5 Tips for Having Hard Conversations

Be willing to fail your way forward with this. Keep trying, and you’ll get there!

Posted on

Do you struggle with talking about difficult topics with your spouse because you’re worried about how it will go? Or maybe it’s a conversation you’ve had before that keeps on turning into an argument? We all know that difficult conversations can be stressful, but they really don’t have to be. 


How to Have Hard Conversations with your Spouse


Step one is to plan for it. Decide in advance what exactly it is you want to talk about. Ask yourself these questions before you have your chat; “What is it I want my spouse to understand?” and “What am I hoping the outcome of this conversation will be, and am I willing to allow it to look different than I’d like?”. By having a plan, it is less likely for you to experience a blindside that will trigger you to avoid or lash out. 

Next, choose your timing. Having a hard conversation when your spouse just got home from work, is tired, already bothered, or hungry, will rarely produce a positive outcome. Oftentimes we try to have these conversations when emotions are already elevated because something happened to remind us of them. Don’t take the bait on that one. Instead, pick a time to talk when it’s calm, when the kids aren’t around, and when both of you are in decent moods. The least number of interruptions you can have, the better.

You also don’t want to forget to
set the tone. Be clear before you begin by saying something like, “I want to share this with you, and my intention is to not argue but instead to have a good conversation.” Have open and positive body language and tone of voice. You want to come across as sincere and non-accusatory. A shift in your body, such as crossed arms or an eye roll, can change the entire direction of a conversation. 

Next, you want to be sure to
stay on track. It’s easy to get baited into getting off-topic. Remember to address one issue at a time and mentally decide in advance to stay on topic. This should be part of your planning process too. 

Finally, invite grace and understanding to the conversation. Be intentional about listening to your spouse and offering lots of grace as they absorb and process the conversation. Remember, you planned for this, they didn’t. Make room for their reactions and allow them to have their own feelings, thoughts, and opinions.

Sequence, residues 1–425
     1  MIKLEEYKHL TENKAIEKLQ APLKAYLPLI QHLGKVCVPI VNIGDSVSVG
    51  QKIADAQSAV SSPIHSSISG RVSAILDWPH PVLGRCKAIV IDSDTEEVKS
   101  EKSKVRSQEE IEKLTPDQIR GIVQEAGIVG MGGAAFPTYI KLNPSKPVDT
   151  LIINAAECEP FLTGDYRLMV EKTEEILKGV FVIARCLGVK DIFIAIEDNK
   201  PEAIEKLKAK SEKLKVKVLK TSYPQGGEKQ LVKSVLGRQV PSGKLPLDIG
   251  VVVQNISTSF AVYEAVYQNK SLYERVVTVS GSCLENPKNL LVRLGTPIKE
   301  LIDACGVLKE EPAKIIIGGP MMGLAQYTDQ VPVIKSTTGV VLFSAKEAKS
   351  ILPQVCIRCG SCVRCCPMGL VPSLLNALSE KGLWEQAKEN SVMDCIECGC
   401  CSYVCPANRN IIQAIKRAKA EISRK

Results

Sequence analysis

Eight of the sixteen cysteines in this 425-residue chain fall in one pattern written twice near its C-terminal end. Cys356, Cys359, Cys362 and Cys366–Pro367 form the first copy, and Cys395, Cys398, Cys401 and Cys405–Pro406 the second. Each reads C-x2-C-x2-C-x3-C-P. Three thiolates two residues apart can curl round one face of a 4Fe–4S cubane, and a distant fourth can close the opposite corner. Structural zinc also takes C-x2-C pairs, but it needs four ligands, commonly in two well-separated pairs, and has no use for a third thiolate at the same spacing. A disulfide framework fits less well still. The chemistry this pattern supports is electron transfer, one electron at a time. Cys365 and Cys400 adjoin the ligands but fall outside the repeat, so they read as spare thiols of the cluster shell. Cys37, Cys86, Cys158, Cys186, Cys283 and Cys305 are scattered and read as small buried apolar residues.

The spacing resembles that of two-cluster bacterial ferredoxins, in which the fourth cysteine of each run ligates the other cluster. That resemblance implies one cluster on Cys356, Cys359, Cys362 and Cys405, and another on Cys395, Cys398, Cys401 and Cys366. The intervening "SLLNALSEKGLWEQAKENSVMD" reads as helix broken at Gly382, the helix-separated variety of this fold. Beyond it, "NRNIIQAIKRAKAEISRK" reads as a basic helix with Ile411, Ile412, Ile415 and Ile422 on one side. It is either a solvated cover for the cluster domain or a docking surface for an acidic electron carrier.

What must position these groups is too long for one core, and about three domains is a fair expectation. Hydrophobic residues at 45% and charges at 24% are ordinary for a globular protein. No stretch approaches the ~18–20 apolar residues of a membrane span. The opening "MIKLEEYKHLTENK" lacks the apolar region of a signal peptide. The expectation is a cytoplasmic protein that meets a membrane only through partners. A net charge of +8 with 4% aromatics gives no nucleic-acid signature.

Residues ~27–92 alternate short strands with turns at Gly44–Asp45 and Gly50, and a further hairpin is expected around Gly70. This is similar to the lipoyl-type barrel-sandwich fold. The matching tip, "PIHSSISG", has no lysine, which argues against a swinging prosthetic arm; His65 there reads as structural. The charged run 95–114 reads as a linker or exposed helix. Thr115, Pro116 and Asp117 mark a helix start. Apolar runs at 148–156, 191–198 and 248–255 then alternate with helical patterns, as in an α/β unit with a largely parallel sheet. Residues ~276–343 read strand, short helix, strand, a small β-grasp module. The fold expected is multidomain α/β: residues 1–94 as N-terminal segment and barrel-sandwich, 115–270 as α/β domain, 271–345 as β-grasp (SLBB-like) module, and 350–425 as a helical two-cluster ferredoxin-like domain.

At the end of the day, if you want to get good at having hard conversations, you will need to make a lot of room for pausing, listening, understanding, and, last of all, practicing. Be willing to fail your way forward with this. Keep trying, and you’ll get there!

If you need more communication tips, be sure to check out the Expedition Marriage podcast and their series on Communication Killers and their Kryptonite. You can find it here.


This is an updated edition of a post originally published on Expedition Marriage 

Featured Image by Mar from Pixabay

The views and opinions expressed by Kingdom Winds Collective Members, authors, and contributors are their own and do not represent the views of Kingdom Winds LLC.

About the Author

Chris and Jamie Bailey are professional Christian counselors and marriage coaches. They run their private practice as well as online ministry, Expedition Marriage, from their home in Fort Mill, SC. They are the parents of three adult daughters and two adorable grandchildren. Together they run weekend marriage retreats, offer guest speaking, one day seminars, as well as run workshops in person and online. Together they hope to encourage Christian marriages and help them thrive abundantly.